Beginning in 2009, the Nonprofit Finance Fund published its annual State of the Sector Report. Like the decennial census, it provides a number of indicators that the sector, in general, is experiencing. The report doesn’t drill down to a single sector in a single market, but it allows funders, donors, and community benefit organizations to glimpse at trends.
I’ve kept my blog readers (thank you!) up to speed on these reports.
So, what’s new? Arizona State University’s Lodestar Center for Philanthropy and Nonprofit Innovation launched a "Research Friday" blog series on how nonprofits are reacting, adapting, innovating and taking action to stem negative trends identified in the annual reports. I hope community benefit organizations get value from the blog and that it provides sparks for innovation.
As a facilitator, I don’t come to the table with the answers to challenges. The facilitator’s role is to provide the space to let those with a common agenda work through various topics. But let’s have some fun! I’m going to describe a scenario and let readers complete the story. Here we go!
I am the CEO of a community benefit organization with 25 full-time and 16 part-time staff members, providing human services. In 2009, a handful of dedicated donors lost their shirts at the race track and then called to say that the check wasn’t in the mail after all.
I didn’t panic, but my cool was jolted as I’d been relying on these funds to expand into a nearby rural community that is currently without services.
Reaction: cut back on employee health benefits, staff training, consolidated job responsibilities, limited the number of clients we could serve, scrap (for now) expansion plans and dip into the rainy day fund. My organization had very little time to prepare for this seismic shift, and I felt like my hand was forced.
By the end 2010, my colleagues and I know that the short-term strategies are here to stay. I am so proud of the staff and how they’ve held it together during the financial storm. We are doing more with less. Everyone is. But many staff members are stressed and the demand for our services continues to rise. I must make more cuts: additional reductions to employee health benefits; suspend contributions to 401K plans; delay capital improvements (roof and a/c are at the end of their life cycles); continue hiring freeze and 20% compensation cut for top management, including me. Federal and state grants are no longer a given.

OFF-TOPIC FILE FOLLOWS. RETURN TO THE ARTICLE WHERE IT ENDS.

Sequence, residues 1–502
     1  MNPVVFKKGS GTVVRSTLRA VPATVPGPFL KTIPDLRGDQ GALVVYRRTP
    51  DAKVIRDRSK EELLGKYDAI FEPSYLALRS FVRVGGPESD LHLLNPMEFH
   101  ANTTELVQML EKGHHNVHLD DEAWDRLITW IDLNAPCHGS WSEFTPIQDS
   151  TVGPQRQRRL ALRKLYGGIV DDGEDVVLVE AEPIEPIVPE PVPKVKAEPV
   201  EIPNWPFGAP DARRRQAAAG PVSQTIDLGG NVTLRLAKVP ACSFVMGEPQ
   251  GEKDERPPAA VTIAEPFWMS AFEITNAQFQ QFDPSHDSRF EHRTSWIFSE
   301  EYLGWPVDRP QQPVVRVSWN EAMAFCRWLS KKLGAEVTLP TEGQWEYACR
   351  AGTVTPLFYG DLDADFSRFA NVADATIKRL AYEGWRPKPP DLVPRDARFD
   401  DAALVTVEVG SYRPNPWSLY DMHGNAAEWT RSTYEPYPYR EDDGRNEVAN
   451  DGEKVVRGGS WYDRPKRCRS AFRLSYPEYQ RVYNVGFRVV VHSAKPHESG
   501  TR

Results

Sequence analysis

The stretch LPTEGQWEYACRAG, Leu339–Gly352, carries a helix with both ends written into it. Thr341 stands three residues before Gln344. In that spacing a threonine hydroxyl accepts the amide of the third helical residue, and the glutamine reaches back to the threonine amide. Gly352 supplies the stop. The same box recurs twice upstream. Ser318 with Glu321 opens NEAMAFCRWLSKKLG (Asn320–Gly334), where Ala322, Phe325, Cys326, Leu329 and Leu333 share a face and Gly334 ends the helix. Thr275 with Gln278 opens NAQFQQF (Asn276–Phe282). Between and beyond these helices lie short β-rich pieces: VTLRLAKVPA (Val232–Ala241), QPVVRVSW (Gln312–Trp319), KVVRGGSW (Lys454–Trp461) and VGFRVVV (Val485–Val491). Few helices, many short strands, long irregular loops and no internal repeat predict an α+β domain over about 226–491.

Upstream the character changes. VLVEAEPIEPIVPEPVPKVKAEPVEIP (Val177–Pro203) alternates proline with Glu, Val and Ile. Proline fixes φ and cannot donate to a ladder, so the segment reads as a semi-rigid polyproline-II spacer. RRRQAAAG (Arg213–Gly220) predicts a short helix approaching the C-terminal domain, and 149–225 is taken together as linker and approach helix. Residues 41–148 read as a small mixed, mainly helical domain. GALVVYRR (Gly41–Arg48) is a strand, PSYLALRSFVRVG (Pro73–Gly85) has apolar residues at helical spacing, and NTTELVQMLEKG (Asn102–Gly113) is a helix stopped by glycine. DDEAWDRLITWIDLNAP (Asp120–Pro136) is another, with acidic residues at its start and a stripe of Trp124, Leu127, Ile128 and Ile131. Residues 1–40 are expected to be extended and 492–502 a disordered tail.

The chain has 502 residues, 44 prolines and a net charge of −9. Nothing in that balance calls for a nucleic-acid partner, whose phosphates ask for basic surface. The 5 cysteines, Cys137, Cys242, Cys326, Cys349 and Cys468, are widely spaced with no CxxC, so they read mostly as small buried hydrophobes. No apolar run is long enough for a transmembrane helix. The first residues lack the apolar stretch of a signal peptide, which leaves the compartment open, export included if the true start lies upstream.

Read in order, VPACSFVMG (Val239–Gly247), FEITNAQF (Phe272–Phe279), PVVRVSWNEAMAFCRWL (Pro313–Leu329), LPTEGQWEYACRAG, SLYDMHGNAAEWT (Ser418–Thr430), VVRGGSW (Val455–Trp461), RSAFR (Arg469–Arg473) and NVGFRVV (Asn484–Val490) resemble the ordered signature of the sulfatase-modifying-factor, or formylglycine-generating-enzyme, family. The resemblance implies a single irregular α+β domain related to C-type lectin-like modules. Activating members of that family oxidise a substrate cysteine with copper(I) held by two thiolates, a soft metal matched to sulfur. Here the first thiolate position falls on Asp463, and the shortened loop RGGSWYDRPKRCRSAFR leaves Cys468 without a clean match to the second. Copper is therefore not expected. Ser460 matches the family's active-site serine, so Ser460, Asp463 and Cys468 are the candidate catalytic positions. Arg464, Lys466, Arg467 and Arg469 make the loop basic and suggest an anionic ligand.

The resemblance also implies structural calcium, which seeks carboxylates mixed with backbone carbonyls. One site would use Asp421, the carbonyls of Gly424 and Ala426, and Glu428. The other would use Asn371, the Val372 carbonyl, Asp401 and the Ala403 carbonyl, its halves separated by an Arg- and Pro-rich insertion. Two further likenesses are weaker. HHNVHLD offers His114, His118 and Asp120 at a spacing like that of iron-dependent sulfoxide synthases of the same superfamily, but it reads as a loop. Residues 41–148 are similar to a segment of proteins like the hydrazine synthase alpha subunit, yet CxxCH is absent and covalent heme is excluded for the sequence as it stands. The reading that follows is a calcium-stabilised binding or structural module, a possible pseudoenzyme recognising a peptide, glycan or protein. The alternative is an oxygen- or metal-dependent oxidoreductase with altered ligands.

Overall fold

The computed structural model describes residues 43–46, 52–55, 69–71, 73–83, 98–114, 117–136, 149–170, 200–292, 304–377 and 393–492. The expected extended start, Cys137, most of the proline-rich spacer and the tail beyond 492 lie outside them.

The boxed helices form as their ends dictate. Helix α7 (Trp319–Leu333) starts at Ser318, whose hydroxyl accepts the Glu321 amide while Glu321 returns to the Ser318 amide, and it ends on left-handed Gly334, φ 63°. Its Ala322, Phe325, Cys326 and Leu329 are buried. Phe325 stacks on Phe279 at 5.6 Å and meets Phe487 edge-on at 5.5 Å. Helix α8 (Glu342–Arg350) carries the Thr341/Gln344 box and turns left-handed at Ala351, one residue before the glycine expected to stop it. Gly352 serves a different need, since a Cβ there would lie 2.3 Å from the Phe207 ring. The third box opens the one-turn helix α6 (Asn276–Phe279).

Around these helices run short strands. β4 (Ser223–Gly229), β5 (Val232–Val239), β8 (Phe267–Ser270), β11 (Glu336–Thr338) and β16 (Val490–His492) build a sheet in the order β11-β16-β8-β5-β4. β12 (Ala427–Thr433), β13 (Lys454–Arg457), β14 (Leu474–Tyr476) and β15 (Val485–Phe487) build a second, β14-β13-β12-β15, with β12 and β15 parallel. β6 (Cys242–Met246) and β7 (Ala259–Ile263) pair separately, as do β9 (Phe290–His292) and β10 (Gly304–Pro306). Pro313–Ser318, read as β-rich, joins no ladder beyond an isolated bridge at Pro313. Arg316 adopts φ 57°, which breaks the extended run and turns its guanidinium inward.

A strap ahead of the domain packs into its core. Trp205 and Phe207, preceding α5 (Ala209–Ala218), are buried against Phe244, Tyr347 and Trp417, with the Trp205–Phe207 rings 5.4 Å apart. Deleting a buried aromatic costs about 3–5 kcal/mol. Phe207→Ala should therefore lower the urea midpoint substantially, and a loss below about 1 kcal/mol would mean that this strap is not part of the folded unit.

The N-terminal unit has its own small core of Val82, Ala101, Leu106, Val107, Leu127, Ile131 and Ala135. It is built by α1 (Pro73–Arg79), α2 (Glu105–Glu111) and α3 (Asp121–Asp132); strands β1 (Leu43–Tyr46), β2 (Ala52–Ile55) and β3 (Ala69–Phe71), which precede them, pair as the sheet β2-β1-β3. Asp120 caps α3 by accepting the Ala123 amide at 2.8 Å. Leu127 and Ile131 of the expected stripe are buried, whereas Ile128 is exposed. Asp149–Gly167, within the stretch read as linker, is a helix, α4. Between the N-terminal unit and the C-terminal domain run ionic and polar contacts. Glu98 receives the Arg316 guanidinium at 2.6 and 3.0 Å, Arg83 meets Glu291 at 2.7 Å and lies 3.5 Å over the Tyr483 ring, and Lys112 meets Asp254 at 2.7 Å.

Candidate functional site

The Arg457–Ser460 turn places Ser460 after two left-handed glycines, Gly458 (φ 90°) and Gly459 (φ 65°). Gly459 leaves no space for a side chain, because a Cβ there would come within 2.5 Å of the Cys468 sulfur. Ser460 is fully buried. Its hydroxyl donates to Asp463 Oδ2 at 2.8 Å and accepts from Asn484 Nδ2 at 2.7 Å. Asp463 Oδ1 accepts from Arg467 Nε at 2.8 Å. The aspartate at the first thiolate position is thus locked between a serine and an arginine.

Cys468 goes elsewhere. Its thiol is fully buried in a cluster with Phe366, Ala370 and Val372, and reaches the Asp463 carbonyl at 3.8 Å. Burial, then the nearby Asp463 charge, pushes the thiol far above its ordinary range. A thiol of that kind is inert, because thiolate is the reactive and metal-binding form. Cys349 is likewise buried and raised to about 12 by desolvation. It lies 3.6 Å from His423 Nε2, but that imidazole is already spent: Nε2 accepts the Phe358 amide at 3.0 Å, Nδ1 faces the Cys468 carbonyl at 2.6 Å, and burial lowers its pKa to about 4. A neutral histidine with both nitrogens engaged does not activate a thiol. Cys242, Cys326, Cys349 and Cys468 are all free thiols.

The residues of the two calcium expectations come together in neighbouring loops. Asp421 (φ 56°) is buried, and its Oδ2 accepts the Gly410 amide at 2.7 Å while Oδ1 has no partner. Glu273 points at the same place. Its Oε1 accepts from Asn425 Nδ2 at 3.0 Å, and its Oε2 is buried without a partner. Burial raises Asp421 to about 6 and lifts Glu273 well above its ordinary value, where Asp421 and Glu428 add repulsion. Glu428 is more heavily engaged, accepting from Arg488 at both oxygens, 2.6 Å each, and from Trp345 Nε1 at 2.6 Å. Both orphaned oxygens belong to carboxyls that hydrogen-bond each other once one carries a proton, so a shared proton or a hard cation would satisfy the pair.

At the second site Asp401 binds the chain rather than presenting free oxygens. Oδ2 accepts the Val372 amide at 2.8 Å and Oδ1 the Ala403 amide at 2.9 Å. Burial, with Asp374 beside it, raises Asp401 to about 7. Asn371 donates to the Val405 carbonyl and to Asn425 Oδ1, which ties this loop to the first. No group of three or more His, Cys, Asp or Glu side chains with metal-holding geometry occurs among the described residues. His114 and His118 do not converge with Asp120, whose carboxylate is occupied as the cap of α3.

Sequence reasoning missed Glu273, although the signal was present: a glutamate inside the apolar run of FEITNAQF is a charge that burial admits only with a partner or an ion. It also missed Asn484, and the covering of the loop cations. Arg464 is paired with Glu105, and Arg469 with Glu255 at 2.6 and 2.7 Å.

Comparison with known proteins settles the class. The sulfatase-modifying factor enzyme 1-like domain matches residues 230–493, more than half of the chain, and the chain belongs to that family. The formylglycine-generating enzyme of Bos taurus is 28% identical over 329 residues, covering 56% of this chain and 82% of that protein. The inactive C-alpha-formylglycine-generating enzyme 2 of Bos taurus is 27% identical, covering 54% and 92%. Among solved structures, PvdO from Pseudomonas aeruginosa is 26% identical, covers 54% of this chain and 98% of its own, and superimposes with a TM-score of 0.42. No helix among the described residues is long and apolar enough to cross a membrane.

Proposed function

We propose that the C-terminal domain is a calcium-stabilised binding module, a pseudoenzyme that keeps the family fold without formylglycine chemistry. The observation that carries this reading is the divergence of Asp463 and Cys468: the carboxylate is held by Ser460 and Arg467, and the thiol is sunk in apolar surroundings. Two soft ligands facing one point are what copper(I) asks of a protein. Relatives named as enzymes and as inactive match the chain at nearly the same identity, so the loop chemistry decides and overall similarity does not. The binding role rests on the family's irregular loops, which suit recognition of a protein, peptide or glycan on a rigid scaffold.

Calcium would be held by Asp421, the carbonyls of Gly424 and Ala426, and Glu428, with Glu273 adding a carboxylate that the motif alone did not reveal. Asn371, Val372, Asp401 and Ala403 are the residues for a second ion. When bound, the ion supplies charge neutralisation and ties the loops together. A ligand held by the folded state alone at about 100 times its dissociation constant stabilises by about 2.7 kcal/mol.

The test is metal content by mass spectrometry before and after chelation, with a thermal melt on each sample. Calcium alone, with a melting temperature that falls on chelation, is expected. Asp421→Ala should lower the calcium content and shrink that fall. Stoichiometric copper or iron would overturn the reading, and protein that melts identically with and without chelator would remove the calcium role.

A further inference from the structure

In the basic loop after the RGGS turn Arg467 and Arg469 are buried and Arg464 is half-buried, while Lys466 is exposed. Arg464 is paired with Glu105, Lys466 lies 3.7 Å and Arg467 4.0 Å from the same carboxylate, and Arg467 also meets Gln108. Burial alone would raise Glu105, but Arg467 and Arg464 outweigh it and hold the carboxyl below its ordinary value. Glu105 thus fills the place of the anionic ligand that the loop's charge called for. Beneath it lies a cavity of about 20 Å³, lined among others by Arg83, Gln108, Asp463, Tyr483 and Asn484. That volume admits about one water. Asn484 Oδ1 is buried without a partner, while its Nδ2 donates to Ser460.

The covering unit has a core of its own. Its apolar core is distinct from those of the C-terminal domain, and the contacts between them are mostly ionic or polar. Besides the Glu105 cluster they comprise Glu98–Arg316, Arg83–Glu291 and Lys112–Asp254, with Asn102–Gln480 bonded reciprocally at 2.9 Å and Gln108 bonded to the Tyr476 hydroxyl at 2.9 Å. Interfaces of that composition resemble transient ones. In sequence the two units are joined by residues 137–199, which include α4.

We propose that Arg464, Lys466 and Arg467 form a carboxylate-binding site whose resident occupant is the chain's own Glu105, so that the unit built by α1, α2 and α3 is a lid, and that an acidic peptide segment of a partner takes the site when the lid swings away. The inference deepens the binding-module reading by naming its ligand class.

Adaptation: The board is fully engaged in fundraising, but there is so much competition—yikes! Plus, our supporters are jittery and have adopted different giving strategies. The pattern is disrupting our cash flow. The Finance Committee meets more frequently and scrutinizes every expense.
2012 began with soul searching and the acknowledgement that the organization—staff and board—are pretty tired of managing the down side and are ready to explore opportunities.
Innovation: At the end of the annual board retreat, we are all strangely relating to Peter Finch in "Network" delivering his “mad as hell and I’m not going to take it anymore” speech. The retreat opened our eyes that we must be willing to explore a new way of doing business if we are to survive and stabilize with the ultimate goal being to thrive. Many long-time board members just aren’t up for the new reality challenges. A few fought changes, while others graciously stepped aside. New realities are here.
And here we are. More than half way through 2013. Time for action.
What action plan do you think should be explored? Before you make one key stroke or let one idea out, read the Research Friday blog. And please add your own innovations. Looking forward to your thoughts!
Learn about these and other concepts used in TPF's approach to philanthropy.
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